Scientists, charities and campaign groups publish responses to the government’s consultation on local air quality management in England
Scientists, charities and campaign groups have issued their responses to the government’s consultation on local air quality management, which closed for submissions last week (September 13).
The consultation concerns regulations in the Environment Act 1995, which established the Local Air Quality Management (LAQM) system under which all local authorities in England are required to regularly review and assess air quality in their areas against national objectives for several air pollutants.
However, according to Defra, the LAQM has not been comprehensively reviewed since it came into operation in 1997 and there is a need to ‘reinvigorate and refocus LAQM’.
But, options for changes in the consultation have garnered negative responses from a number of organisations – such as Environmental Protection UK, Healthy Air UK and King’s College London scientists – especially in relation to the government’s preferred option of removing obligations for local authorities to monitor local air quality altogether.
Labour MPs, London Assembly members and the Green Party have all previously hit out at the proposals to remove air quality monitoring obligations (see airqualitynews.com story).
Air quality scientists from King’s College London’s Environmental Research Group (ERG), Stephen Hedley and Gary Fuller, called for ‘greater ongoing assessment of actions’ in their response to the consultation.
The university’s ERG runs the London Air website, which provides a map and hourly updates on levels of a number of pollutants in the capital.
In their response, the scientists describe air quality management and associated legislation at national and EU level as ‘convoluted’, with various sectors of government having to comply with different requirements.
In contrast, however, they state that local air quality management has ‘provided innovative solutions with an important connection to local communities’, adding that more support is needed for councils from government on the issue.
And, the King’s College London scientists propose that a new central government Air Quality Commissioner office be created, as many departments and agencies that have a role in achieving air quality objectives are ‘outside the remit of Defra’.
They suggest that the new office be independent of government in order to ‘scrutinise, adjudicate, recommend and direct stakeholders on air quality actions’.
Additionally, they call for greater involvement in local air quality management from stakeholders such as the Highways Agency (HA) to actively assess air quality across the geographic areas that they are responsible for.
Environmental Protection UK (EPUK)’s response to the consultation rejects all of the government’s suggestions put forward, stating that ‘none of the four proposed options for changing local air quality management are appropriate’.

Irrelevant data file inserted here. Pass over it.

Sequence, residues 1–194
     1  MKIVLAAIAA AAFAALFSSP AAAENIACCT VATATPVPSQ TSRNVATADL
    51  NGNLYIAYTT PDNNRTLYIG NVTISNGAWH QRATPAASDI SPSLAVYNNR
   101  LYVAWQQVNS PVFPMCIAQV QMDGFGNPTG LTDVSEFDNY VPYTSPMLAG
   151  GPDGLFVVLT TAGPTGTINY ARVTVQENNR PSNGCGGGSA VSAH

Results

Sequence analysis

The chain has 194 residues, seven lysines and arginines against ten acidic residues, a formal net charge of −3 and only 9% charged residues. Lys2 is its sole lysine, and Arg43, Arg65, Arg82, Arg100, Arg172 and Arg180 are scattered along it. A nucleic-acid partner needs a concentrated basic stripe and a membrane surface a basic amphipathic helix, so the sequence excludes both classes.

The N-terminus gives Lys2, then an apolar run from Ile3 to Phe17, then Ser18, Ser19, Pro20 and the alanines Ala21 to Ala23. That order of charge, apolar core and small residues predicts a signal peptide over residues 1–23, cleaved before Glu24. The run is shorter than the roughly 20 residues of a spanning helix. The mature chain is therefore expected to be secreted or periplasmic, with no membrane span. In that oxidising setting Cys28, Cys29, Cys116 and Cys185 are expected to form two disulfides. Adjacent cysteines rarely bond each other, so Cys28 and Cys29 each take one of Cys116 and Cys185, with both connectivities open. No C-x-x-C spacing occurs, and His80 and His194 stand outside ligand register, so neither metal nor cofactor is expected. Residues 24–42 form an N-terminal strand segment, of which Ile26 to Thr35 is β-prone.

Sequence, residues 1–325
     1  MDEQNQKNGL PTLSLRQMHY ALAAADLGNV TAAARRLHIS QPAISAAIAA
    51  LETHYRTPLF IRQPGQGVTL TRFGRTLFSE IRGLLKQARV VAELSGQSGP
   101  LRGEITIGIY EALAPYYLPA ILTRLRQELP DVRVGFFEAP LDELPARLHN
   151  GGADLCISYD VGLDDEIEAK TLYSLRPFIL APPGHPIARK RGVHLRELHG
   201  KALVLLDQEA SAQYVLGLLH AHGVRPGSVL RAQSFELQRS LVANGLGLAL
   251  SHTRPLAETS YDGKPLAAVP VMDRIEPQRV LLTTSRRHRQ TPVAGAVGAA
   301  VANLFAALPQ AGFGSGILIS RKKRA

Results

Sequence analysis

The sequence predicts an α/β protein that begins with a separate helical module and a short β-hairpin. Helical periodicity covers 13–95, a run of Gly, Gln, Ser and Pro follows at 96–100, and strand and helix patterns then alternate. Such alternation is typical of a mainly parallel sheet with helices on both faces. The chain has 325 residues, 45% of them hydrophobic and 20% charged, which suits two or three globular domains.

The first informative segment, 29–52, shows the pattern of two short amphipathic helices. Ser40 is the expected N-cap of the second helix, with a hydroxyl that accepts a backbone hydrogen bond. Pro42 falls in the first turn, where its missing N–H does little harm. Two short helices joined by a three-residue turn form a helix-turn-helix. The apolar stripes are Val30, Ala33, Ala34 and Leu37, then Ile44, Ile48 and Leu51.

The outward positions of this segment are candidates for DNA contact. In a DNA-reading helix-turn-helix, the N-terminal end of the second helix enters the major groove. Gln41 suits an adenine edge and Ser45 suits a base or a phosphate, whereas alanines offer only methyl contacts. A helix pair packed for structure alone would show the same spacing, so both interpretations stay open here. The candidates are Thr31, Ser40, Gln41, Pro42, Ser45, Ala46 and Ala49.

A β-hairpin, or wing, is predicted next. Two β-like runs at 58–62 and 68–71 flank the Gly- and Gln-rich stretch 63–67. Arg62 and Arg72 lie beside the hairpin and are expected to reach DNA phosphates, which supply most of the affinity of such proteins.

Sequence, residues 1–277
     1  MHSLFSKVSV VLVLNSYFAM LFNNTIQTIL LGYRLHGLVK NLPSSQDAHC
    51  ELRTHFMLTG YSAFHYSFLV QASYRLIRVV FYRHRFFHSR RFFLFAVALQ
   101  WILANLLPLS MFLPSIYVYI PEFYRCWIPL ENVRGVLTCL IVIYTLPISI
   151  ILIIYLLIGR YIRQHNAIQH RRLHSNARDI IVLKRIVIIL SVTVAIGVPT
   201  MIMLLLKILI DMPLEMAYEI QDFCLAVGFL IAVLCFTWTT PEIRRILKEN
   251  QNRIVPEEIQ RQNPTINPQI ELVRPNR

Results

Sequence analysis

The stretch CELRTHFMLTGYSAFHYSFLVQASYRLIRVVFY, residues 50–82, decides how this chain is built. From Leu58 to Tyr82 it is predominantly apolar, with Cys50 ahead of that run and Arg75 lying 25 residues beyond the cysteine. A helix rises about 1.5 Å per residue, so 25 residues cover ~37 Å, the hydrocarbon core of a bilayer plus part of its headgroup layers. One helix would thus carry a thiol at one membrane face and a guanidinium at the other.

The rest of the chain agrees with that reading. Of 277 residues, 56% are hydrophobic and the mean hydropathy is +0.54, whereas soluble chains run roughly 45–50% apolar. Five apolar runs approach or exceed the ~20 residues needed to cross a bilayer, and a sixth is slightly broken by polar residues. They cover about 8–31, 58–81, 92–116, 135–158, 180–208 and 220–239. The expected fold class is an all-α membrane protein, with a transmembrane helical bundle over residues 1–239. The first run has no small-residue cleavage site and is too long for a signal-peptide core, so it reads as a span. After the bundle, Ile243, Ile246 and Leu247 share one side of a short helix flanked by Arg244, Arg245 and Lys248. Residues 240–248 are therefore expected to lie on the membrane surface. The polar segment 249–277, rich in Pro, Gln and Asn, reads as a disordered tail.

The charity adds that the government’s preferred option to remove English council’s duty to monitor air quality would have ‘devastating implications across all spheres of air quality management, assessment and research’.
However, EPUK’s response – which was written by vice chair of the charity’s air quality committee, Sarah Legge – also said that it agrees that the current air quality reporting requirements for local authorities in England ‘could be simplified’.
Currently, councils with Air Quality Management Areas (AQMAs) are obligated to produce Screening Assessments, Detailed Assessments or Further Assessments.
As a result, the charity has put forward its own preferred proposals for local air quality management changes, which are to maintain the current system but require councils to consolidate current air quality reporting into a single annual air quality improvement document.
EPUK states its recommended ‘streamlined approach’ would ‘lead to cost savings compared to the existing system, while delivering air quality and public health benefits’.
EPUK also calls for ‘better cooperation between different tiers of government and for councils in England to be required to take action to reduce levels of particulate matter PM2.5 in their areas.
Campaign group Healthy Air UK also responded in agreement that the current LAQM system was in ‘urgent need of reform’.
The group’s response states: ‘We do need a simplified system which clearly allocates roles and responsibilities for taking action which delivers improvements in public health.’
However, the group adds that the government’s proposals for change ‘seem designed to mask the true scale of England’s air quality crisis rather than make any attempt to solve it’.
Healthy Air UK also comes out strongly against removing air monitoring obligations, which it claims would ‘be nothing short of a disaster for air quality, risking the loss of hundreds of local monitoring sites across England’.
It argues that local authorities, which are currently facing spending cuts, will be forced close local monitoring sites and make local air quality officer staff redundant.
Meanwhile, campaigner Simon Birkett of Clean Air in London, who also responded to the consultation, also felt the government’s proposals were ‘unnacceptable’, adding that weakening or scrapping AQMAs would ‘drive a coach and horses through protections in the planning system’.
Mr Birkett called on the government to ‘tighten not loosen obligations to address the biggest health risk after smoking’.
More information on the consulation, which ran from July 12 2013 until September 13 2013, is available on Defra’s website.